How can Sinusitis occur? 

In physiological conditions, the sinuses are sterile. Sinusitis can occur if the sinus secretion clearance is reduced or Ostia Sinus becomes blocked, which causes secretion retention, negative sinus pressure, and reduced oxygen partial pressure. This environment is suitable for the growth of pathogenic organisms. If an infection occurs due to a virus, bacteria, or fungus in the sinus that contains these secretions, sinusitis occurs.

Phatophysiology of Sinusitis
Image Source:

Pathophysiology of Sinusitis involved by the following factors:

1. Obstruction in the sinus drainage pathway (sinus ostium),
2. Impaired Cilia Function,
3. impaired accumulation and quality of mucus.

1. Obstruction of the sinus ostium

Normally, sinus mucus flow as clearance is one-way from the sinus through the sinus ostium into the nasal cavity. Upper respiratory tract infections (due to viruses, bacteria, or allergen exposure) will cause swollen sinus mucosa or edema. Swelling leads to the facing mucosa will meet each other, causing the sinus ostium to narrow. This causes the cilia can not move and also causes ostium clogging. The narrowing of the ostium gradually creates a blockage that disrupts the sinus mucus flow.

When there is a blockage, the air in the sinus cavity begins to decrease, so the air pressure in the sinus cavity changes to be more negative than the atmospheric pressure. This negative pressure allows bacteria in the nasal cavity to enter the sinus cavity, especially when inhaling or removing nasal secretions. Apart from infection and allergens, sinus ostium obstruction can also occur due to polyps, foreign bodies, septal deviation, or tumors.

2. Impaired Cilia Function

As with the nasal mucosa, there is also a ciliated mucosa in the sinus. Cilia play a role in mucous flow from the sinus cavity to the nasal cavity. Disruption of ciliary function will have an impact on the accumulation of mucus in the sinus cavity. The impaired ciliary function can be caused due to viral, bacterial infections, high airflow, chemicals that are toxic to cilia, inflammatory mediators, scarring, and Kartagener's syndrome (primary ciliary dyskinesia). 

3. Impaired accumulation and quality of mucus

When sinus ostium obstruction occurs, the sinus cavity mucosa will continue to produce mucus, resulting in excessive mucus accumulation. Cilia can only work if there is a suitable composition of the mucous fluid.

Mucus in the respiratory tract consists of two layers. The first layer is a thinner, thinner serosa (sol phase) that surrounds the ciliary shaft and helps cilia work. The second layer (gel phase) has a thicker consistency and is above the first layer.

The movement of cilia transports the mucous layer of this gel phase into the sinus ostium. If the composition of the mucus layer becomes thickness, mucus transport will be slower so that the gel phase layer will increasingly accumulate in the sinus cavity. Changes in mucous quality due to inflammation debris will also increasingly impair the movement of cilia.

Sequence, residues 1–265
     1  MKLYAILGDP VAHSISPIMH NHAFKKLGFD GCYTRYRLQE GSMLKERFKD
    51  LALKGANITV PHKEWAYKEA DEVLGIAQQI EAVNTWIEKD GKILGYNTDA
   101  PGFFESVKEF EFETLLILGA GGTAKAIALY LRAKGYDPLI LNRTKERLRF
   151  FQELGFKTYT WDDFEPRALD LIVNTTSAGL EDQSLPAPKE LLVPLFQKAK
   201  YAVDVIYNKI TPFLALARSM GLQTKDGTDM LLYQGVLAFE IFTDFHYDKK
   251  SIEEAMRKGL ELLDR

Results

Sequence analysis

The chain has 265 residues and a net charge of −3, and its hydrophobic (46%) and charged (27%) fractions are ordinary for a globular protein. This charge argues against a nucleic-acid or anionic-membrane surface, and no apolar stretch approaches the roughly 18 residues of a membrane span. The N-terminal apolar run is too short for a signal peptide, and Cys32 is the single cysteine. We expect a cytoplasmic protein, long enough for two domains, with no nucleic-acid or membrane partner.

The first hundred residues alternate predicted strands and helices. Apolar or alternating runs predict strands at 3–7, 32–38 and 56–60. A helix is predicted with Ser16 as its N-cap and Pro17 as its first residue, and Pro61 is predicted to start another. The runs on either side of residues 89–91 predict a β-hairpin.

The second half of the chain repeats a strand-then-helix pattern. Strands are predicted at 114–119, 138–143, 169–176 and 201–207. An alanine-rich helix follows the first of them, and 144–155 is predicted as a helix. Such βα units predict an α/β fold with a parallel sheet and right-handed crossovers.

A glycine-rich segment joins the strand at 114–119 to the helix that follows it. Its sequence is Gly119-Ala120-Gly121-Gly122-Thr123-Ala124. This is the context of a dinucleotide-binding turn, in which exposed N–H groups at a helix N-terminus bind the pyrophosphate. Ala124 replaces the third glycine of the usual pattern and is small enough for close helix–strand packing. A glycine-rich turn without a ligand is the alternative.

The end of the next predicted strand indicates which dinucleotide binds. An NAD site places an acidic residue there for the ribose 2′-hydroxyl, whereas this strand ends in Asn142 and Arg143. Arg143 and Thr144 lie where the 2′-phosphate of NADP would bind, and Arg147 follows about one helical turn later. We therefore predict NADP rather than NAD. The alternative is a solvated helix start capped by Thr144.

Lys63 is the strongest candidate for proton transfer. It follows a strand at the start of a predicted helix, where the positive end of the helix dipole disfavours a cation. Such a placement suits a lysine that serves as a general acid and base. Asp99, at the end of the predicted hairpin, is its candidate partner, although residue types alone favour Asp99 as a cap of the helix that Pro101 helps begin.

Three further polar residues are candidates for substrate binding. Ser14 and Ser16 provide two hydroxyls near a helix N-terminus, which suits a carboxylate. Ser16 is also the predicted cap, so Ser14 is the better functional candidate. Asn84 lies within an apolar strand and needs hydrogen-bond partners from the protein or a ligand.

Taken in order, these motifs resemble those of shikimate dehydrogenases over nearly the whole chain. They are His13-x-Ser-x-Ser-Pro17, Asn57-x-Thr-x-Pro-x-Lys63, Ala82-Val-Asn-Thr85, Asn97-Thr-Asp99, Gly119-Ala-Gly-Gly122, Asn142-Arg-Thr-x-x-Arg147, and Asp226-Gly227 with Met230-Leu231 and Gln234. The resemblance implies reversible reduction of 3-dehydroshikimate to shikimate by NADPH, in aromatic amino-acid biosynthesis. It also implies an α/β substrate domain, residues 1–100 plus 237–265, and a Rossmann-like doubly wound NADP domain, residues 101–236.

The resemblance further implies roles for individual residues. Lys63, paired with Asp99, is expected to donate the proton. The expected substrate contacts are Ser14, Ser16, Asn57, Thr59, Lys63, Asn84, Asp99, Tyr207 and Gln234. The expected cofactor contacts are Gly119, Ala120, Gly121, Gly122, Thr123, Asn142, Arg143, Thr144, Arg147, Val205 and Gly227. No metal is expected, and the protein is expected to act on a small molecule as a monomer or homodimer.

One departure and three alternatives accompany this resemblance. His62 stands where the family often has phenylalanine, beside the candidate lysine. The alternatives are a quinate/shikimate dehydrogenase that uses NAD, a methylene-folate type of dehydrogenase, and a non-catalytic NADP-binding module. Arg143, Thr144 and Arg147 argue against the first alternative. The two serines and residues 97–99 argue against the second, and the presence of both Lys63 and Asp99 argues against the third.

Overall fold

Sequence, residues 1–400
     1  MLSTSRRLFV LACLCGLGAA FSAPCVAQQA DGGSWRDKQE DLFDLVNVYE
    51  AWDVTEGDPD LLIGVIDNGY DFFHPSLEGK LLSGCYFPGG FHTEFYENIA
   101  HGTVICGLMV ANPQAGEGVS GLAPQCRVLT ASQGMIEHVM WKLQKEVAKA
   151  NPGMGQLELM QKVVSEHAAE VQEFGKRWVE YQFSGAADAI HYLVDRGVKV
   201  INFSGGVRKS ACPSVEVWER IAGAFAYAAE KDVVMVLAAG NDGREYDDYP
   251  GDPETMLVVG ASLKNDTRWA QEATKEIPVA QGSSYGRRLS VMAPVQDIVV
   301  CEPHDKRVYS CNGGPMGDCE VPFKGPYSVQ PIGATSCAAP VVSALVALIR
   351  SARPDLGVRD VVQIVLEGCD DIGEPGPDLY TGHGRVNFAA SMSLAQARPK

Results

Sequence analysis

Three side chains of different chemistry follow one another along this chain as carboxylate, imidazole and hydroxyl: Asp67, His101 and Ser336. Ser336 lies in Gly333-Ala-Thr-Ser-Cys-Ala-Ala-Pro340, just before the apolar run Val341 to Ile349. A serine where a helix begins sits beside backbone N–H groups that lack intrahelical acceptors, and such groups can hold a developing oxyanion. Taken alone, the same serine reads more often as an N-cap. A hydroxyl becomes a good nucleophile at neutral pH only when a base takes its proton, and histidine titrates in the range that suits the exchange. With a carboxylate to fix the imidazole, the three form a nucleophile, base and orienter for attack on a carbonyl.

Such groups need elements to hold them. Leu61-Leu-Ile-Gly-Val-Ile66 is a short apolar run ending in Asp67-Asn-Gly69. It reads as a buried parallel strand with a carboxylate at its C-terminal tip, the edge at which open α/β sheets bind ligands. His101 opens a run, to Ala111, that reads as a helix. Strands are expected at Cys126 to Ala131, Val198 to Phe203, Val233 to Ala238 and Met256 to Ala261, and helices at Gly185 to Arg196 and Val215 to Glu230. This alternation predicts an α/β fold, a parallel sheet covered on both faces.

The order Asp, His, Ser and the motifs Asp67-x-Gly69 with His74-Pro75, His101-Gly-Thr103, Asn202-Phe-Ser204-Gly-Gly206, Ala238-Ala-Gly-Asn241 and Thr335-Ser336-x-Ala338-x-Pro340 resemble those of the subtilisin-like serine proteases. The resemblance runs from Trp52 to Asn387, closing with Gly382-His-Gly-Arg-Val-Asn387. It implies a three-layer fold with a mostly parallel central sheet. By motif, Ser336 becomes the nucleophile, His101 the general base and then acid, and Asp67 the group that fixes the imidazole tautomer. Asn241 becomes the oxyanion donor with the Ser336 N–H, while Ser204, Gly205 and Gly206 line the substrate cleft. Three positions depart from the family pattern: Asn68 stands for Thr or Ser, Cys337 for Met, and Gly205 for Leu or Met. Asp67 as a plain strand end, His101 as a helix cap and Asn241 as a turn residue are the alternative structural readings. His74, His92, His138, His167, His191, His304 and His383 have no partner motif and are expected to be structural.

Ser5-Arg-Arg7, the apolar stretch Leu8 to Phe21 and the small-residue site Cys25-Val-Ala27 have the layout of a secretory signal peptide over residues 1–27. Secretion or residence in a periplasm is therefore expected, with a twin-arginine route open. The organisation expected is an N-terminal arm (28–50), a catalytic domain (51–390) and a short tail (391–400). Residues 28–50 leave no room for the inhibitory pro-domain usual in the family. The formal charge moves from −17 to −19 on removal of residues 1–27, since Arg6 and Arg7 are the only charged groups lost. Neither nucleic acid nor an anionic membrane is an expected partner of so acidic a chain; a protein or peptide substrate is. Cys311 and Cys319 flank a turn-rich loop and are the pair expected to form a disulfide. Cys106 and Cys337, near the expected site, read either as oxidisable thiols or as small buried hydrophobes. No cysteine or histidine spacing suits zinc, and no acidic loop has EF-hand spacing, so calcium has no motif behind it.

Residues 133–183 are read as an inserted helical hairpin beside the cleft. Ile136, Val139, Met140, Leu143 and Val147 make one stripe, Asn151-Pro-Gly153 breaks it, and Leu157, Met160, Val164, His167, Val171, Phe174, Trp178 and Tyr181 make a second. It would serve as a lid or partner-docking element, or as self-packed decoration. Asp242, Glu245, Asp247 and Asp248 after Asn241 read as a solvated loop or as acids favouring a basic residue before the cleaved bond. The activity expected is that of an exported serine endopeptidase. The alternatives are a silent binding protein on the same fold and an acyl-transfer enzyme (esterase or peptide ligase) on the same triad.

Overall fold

Combination of ostium obstruction and impaired ciliary function

The combination of the two factors above creates a negative pressure in the sinus cavity that causes transudation or blockage of sinus drainage. The initial effect is serous fluid secretion (considered as non-bacterial sinusitis), which can heal without treatment. If it does not heal, the secretions accumulate in the sinuses, which is a suitable medium for growth and multiplication of bacteria. The secretions will turn into purulent called acute bacterial sinusitis that require antibiotic therapy. If treatment is adequate, then this situation can continue, hypoxia will occur, and anaerobic bacteria will multiply.

The Relation between Dental Diseases and Sinusitis

Can infected tooth cause sinusitis?
Maxillary anterior has associations that are very close to the roots of the premolar and upper molar teeth. This association can cause clinical problems such as infections originating from teeth, and oroantral fistulas can rise to the top and cause sinus infections.

Maxillary sinusitis begins by sinus ostium obstruction due to inflammatory processes in the nasal mucosa. This inflammatory process will cause sinus and drainage interferences. 

Unilateral antrum involvement is often an indication of dental involvement as a cause. If this happens, the organism responsible is likely to be the gram-negative group. These organisms are more common in dental infections than gram-positive bacteria, which are typical in the sinuses.

Dental diseases such as apical and periodontal abscesses can produce radiological features that are dominated by gram-negative bacteria. In odontogenic sinusitis cases, thick secretions will worsen and interfere with the drainage, especially if the meatus medius is impaired by edema or purulent or other anatomical abnormalities such as deviation and hypertrophic conchae/turbinate. The roots of the second premolar and first molars are closely related to the maxillary sinus floor and, in some individuals, are directly related to the maxillary sinus mucosa so that the spread of bacteria is directly from the tooth root to the sinuses can occur.